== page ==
After her husband, Dick Verley, experienced life threatening health issues and was rushed by ambulance to the Minnesota VA hospital in Minneapolis, Liz Verley of Royalton followed.
“He went by ambulance and I followed. I didn’t have anything with me, since I didn’t expect to spend the night,” she said.
That was back in the 1990s and it was the first time she was introduced to the Fisher House, a non-profit foundation which offers family members of veterans a place to stay while their loved one is receiving medical care.
While the Fisher House has a shared kitchen area for family members with a commercial refrigerator and freezer they can keep personal food stored in, the organization provides food, as well. It was something Liz was very thankful for while she stayed at their house.
Liz stayed at the Fisher House again last year for the duration Dick was in the hospital. Having different health issues, he was hospitalized during the months of August, September and December 2021, as well as earlier this year in February.
“It’s such a great place and I just want people to know that it is there for family members of veterans,” Verley said.
There are currently 92 Fisher Houses located across the United States, Germany and United Kingdom. Two of the houses are in Minneapolis, said Manager Kim Bihm.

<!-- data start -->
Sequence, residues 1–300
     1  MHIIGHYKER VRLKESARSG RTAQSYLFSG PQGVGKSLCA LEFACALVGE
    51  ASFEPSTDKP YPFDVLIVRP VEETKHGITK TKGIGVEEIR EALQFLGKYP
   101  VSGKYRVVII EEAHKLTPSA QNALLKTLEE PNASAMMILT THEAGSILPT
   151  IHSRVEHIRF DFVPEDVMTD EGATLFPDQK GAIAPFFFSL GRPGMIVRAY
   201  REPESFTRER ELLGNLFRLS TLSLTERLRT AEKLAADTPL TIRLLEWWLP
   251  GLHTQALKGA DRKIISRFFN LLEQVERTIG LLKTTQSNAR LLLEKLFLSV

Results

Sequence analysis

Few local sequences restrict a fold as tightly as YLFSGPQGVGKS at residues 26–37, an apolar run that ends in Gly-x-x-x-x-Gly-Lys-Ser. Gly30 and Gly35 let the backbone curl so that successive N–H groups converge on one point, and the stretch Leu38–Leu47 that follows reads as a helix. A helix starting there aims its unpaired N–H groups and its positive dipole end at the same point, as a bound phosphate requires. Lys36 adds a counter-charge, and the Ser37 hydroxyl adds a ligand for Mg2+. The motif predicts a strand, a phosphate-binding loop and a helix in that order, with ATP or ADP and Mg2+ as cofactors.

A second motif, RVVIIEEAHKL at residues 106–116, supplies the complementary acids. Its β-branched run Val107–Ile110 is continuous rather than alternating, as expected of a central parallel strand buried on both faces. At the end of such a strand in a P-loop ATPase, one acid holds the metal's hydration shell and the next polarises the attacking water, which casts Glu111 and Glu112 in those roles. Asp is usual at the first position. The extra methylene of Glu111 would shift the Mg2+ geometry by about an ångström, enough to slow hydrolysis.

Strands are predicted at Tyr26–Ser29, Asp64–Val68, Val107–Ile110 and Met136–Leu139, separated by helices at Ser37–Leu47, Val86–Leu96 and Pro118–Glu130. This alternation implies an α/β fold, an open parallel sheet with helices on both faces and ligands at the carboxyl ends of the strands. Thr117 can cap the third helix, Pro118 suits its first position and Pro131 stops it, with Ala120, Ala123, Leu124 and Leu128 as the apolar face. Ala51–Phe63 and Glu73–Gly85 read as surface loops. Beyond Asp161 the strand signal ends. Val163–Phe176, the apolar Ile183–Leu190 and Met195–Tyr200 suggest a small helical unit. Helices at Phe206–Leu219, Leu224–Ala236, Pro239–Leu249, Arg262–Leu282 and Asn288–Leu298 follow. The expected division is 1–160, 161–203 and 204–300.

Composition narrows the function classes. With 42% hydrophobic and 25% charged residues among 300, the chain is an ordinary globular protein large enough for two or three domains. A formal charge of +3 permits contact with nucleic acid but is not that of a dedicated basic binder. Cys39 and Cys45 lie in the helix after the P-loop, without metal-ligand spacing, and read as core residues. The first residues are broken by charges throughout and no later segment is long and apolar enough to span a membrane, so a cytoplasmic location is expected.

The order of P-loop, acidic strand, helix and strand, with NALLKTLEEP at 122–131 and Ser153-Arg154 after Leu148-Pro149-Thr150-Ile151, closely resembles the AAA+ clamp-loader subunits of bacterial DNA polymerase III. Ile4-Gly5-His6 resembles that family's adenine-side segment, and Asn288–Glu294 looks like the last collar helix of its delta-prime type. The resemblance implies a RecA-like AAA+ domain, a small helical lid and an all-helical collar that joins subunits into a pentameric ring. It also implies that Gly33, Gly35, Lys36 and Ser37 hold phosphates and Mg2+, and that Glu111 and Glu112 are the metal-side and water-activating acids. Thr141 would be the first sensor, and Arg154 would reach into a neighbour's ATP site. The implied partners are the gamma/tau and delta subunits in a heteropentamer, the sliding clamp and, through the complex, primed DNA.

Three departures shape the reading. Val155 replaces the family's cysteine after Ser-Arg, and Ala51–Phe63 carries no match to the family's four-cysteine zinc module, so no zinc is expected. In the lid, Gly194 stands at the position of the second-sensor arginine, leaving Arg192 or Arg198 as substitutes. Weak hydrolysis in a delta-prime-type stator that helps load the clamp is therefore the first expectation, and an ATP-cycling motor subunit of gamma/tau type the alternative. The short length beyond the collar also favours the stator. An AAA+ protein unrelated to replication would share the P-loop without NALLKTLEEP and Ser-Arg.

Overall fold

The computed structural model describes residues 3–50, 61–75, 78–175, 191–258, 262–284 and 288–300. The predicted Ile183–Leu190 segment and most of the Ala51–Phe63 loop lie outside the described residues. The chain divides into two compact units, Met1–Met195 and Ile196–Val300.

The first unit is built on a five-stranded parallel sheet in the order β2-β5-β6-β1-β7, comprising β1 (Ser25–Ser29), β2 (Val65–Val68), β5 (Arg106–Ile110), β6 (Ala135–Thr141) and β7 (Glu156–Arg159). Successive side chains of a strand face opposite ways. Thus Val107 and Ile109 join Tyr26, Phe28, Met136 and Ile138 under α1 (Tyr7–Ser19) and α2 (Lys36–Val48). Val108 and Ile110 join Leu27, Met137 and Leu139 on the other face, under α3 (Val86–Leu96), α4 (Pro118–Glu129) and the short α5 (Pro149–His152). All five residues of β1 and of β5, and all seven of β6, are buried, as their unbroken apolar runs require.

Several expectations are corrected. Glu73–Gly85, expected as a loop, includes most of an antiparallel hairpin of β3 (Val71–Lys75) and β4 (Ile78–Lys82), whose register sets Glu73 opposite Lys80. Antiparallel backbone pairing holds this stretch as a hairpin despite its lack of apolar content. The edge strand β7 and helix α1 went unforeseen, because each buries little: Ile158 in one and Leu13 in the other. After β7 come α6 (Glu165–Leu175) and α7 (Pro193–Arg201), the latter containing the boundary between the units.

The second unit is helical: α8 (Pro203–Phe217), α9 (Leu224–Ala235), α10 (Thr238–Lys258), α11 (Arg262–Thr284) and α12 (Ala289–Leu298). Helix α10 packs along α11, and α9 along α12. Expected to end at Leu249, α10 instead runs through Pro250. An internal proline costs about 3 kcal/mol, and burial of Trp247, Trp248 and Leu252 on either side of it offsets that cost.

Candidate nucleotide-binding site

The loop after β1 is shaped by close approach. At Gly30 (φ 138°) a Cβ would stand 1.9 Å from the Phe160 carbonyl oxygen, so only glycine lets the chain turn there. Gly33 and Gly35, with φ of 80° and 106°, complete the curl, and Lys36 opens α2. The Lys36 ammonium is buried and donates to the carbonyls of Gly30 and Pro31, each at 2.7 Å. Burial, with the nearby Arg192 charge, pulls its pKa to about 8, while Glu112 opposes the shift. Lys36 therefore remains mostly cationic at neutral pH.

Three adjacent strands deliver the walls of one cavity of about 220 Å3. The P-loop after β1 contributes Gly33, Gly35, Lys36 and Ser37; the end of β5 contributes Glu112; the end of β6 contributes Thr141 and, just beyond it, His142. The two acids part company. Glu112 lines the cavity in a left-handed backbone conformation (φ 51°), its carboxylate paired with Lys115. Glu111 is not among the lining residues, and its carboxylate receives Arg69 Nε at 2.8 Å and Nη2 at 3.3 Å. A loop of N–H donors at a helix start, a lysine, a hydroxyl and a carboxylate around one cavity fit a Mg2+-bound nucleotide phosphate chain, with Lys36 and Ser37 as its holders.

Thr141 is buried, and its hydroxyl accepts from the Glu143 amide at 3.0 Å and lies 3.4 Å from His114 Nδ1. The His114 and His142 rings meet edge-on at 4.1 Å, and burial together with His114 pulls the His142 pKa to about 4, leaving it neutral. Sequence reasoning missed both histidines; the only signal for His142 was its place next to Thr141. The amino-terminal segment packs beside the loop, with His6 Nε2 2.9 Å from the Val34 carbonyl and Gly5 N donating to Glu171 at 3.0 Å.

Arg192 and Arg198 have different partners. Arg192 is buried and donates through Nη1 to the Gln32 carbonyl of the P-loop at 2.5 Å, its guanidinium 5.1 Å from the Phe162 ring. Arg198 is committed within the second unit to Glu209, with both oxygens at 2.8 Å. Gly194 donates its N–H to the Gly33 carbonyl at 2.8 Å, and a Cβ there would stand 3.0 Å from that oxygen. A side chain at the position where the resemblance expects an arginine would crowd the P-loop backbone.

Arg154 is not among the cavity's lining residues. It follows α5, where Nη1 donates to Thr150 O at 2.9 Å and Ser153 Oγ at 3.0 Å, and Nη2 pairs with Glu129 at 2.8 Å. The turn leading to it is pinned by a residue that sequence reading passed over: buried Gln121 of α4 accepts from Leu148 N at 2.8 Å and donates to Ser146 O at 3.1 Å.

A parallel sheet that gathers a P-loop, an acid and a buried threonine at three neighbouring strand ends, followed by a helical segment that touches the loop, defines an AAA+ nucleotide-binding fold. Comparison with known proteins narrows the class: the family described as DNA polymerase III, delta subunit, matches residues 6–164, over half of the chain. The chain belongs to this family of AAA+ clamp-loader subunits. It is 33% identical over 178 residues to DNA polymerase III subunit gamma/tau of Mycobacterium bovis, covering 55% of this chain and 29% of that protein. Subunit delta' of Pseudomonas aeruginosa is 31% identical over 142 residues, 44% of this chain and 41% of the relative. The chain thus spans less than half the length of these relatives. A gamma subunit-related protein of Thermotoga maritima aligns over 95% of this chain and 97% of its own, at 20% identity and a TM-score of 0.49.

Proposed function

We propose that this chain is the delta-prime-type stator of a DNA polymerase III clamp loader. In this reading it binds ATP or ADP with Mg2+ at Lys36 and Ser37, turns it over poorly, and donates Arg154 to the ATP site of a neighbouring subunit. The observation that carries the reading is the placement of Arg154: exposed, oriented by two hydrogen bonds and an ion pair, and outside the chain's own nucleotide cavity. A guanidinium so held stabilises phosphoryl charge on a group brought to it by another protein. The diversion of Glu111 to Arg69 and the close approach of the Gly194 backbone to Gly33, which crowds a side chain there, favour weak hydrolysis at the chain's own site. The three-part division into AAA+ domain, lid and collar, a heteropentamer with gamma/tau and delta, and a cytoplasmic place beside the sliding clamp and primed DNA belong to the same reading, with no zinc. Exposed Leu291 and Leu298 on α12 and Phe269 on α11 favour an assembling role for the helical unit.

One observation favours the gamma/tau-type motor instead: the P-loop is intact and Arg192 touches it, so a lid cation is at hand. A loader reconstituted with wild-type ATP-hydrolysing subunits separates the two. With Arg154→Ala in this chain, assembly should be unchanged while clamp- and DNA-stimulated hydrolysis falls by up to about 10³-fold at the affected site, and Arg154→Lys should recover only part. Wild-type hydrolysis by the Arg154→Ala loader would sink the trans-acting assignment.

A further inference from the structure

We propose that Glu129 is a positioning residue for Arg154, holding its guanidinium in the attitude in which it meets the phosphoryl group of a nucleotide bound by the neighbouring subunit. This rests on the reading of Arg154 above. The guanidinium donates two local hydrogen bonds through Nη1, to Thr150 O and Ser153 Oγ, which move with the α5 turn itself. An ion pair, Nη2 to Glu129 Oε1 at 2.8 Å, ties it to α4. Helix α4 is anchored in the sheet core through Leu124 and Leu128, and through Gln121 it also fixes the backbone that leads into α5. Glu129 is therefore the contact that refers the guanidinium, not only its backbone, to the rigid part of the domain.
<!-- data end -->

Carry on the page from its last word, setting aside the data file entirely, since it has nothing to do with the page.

Founded by Zachary and Elizabeth Fisher, the first two Fisher Houses were built in 1992. The two also dedicated more than $20 million to the construction of the first 15 homes that were built. Then, in 1993, the Fisher House Foundation was established as a non-profit organization to coordinate the program, Bihm said.
The Fisher Houses in Minneapolis were built in 1995 and 2011.
While the program had its start in the 1990s, Bihm said the history of the Fisher homes, in a sense, began during the World War II era. Zachary had wanted to serve in the war with his two brothers, but was unable to do so because of a leg injury he received in a prior construction accident. Instead, he used his construction skills to assist the U.S. Coastal Service in building coastal fortifications.